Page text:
A Division Bench of Karnataka High Court, comprising of Chief Justice Abhay Sreeniwas Oka and Justice BV Nagarathna on 5th May 2020, passed an order directing the State Government to facilitate a smooth process of transporting migrant workers outside the State, considering that the social distancing rules notified by the Government aren’t overlooked in the process.
Categorizing the workers into two kinds, the Bench defined the workers who wanted to go back to their respective homes within the State as Intra-State Migrant Workers and the ones who wanted to go back to their respective houses in other States as Inter-State Migrant Workers.
It was brought to the Court’s specific attention by the counsel appearing for People’s Union for Civil Liberties (PUCL) that more than the former, it was the Inter-State Migrant Workers who had been assembling in large numbers at various places for a lack of clarity and guidance concerning the modus operandi to reach their home States. For instance, four thousand migrant workers had flocked at the Bangalore International Exhibition Centre (BIEC) ground on Tumkur Road in the city.
The State Government has been asked by the High Court to place on record, how they will facilitate the travelling of migrant workers outside the State and the policy decisions concerning the cost of travelling involved. The High Court further directed that assistance must be given in terms of the procedure for Registration and the workers must undergo a process of screening before travelling outside the State.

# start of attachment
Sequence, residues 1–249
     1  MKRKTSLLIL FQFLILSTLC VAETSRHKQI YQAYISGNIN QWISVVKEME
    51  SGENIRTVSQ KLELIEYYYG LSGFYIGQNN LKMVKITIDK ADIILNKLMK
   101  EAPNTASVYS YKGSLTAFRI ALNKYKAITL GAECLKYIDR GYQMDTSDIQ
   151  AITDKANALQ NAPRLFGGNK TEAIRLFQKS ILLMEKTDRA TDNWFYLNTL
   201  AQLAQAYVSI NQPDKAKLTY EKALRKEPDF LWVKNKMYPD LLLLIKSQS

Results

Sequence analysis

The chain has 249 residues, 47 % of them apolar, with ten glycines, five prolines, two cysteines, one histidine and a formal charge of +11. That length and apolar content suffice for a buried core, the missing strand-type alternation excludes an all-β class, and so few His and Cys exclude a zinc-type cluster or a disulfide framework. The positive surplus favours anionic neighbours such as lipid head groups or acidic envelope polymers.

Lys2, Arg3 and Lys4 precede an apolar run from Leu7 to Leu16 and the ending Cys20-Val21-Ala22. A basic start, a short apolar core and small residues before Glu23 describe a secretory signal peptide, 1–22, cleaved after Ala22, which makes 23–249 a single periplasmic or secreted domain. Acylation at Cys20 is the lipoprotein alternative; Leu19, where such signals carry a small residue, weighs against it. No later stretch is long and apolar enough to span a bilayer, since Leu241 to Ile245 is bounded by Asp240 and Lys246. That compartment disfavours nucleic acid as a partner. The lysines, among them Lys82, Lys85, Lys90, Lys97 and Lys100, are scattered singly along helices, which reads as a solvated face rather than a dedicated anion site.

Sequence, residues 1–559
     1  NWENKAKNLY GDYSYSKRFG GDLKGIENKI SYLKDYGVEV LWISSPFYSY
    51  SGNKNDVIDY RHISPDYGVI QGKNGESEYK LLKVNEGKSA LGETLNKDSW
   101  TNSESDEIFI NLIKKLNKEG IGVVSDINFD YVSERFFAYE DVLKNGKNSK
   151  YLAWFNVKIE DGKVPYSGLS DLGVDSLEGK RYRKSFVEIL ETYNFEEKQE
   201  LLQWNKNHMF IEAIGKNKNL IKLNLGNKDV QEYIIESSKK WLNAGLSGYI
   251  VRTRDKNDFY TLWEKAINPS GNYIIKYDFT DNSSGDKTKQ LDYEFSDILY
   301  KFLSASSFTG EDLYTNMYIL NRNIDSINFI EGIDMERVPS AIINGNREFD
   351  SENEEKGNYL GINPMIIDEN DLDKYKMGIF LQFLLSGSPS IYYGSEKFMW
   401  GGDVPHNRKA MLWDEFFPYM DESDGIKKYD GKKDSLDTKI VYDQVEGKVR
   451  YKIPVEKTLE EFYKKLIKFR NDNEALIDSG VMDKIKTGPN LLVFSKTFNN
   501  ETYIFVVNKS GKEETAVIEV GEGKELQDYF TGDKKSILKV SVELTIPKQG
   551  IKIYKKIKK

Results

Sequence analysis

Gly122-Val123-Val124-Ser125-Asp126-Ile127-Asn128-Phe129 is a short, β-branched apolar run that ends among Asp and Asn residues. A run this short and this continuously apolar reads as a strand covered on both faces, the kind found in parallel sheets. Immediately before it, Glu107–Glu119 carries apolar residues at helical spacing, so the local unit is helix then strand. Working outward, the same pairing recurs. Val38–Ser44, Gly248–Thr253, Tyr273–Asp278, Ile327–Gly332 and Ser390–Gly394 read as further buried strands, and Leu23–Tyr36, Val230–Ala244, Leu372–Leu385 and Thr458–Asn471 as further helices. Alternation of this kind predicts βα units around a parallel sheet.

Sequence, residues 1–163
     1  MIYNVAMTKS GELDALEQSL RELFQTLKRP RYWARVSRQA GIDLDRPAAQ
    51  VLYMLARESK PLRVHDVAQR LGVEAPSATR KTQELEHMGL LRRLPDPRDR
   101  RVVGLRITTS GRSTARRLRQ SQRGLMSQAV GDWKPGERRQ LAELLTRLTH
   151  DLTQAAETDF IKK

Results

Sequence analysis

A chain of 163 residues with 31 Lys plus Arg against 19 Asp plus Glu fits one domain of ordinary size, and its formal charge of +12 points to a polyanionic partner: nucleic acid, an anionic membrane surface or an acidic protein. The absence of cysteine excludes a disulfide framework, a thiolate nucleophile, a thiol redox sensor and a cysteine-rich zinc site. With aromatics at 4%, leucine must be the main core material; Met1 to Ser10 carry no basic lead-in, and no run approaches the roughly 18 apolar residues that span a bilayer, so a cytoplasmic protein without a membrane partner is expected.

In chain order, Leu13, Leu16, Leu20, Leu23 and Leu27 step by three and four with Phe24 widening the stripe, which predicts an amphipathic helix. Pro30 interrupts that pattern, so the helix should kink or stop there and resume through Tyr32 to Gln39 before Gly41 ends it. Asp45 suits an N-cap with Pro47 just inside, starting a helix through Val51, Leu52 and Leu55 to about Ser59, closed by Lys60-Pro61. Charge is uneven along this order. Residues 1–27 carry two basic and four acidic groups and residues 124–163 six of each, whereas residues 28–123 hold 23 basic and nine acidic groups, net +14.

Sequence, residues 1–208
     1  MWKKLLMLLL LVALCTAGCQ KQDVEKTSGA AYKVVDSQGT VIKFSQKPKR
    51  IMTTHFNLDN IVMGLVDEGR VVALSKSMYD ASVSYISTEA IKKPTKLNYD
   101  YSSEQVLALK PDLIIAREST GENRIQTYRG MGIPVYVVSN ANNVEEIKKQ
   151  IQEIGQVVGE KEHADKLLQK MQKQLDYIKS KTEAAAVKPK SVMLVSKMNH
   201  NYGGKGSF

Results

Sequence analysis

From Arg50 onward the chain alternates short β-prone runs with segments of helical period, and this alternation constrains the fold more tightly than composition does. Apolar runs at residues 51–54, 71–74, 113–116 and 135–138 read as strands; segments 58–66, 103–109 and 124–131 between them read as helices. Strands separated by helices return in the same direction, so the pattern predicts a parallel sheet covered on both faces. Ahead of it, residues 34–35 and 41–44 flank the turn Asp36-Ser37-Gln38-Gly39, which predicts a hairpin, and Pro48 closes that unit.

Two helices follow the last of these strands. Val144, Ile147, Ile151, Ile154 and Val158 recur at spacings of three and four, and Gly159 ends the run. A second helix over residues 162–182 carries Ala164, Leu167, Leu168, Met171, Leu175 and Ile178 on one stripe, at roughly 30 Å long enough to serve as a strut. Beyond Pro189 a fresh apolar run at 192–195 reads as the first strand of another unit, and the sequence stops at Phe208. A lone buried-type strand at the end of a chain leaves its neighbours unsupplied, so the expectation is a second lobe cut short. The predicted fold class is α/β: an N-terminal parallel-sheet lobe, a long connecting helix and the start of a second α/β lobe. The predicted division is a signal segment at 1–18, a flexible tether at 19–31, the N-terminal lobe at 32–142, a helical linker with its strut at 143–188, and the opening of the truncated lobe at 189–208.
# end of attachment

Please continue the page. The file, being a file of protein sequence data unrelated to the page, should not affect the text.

Concerning travelling within the State, it was reported by the Karnataka State Legal Services Authority (KSLSA) that on an inspection conducted by them, it was found that sixteen thousand persons had travelled from Bengaluru, on 3rd May, in the buses provided by Karnataka State Road Transport Corporation (KSRTC).
On the 4th of May, twelve thousand persons had undertaken travel by KSRTC buses too. Free transportation was provided to the migrant workers. The State was also ordered to indicate whether the workers travelling from one district to the other were medically assessed to check for symptoms of COVID-19 if any.
The High Court went on to opine that for the unemployed workers who did not intend to go back to their respective homes, it was the duty of the State Government to make provisions for cooked food, ration kits, etc., for them.
As regards to the issue of workers, employed in the project of the Bangalore Metro Rail Corporation Limited (BMRCL), who are not being paid wages, the Court has ordered a notice to be issued to them via email for them to be present on the next date of hearing. BMRCL is required to answer the Court on questions of the workers not being paid their wages regularly and also whether the willing ones are being allowed to go back to their respective homes. The matters ordered are set to be heard on the 12th of May, 2020 by the mode of video conferencing.
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